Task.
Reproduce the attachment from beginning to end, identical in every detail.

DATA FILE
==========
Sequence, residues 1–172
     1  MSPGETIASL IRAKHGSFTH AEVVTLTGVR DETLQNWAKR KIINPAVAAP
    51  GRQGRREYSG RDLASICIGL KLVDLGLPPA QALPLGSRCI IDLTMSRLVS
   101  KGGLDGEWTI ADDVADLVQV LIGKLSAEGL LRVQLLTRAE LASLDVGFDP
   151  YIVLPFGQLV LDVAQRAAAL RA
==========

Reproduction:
Sequence, residues 1–172
     1  MSPGETIASL IRAKHGSFTH AEVVTLTGVR DETLQNWAKR KIINPAVAAP
    51  GRQGRREYSG RDLASICIGL KLVDLGLPPA QALPLGSRCI IDLTMSRLVS
   101  KGGLDGEWTI ADDVADLVQV LIGKLSAEGL LRVQLLTRAE LASLDVGFDP
   151  YIVLPFGQLV LDVAQRAAAL RA